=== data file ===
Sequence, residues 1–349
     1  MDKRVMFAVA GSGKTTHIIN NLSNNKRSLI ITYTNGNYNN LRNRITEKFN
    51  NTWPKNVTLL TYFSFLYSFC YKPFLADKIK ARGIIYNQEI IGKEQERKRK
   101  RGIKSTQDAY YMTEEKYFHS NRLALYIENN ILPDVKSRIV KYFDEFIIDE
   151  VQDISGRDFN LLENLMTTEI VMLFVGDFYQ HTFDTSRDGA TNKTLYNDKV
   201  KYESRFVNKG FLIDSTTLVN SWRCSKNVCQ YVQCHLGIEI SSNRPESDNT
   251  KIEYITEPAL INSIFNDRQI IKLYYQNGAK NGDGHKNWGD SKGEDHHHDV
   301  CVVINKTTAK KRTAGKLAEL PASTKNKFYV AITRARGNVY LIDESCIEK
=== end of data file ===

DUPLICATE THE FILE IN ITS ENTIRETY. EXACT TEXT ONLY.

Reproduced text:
Sequence, residues 1–349
     1  MDKRVMFAVA GSGKTTHIIN NLSNNKRSLI ITYTNGNYNN LRNRITEKFN
    51  NTWPKNVTLL TYFSFLYSFC YKPFLADKIK ARGIIYNQEI IGKEQERKRK
   101  RGIKSTQDAY YMTEEKYFHS NRLALYIENN ILPDVKSRIV KYFDEFIIDE
   151  VQDISGRDFN LLENLMTTEI VMLFVGDFYQ HTFDTSRDGA TNKTLYNDKV
   201  KYESRFVNKG FLIDSTTLVN SWRCSKNVCQ YVQCHLGIEI SSNRPESDNT
   251  KIEYITEPAL INSIFNDRQI IKLYYQNGAK NGDGHKNWGD SKGEDHHHDV
   301  CVVINKTTAK KRTAGKLAEL PASTKNKFYV AITRARGNVY LIDESCIEK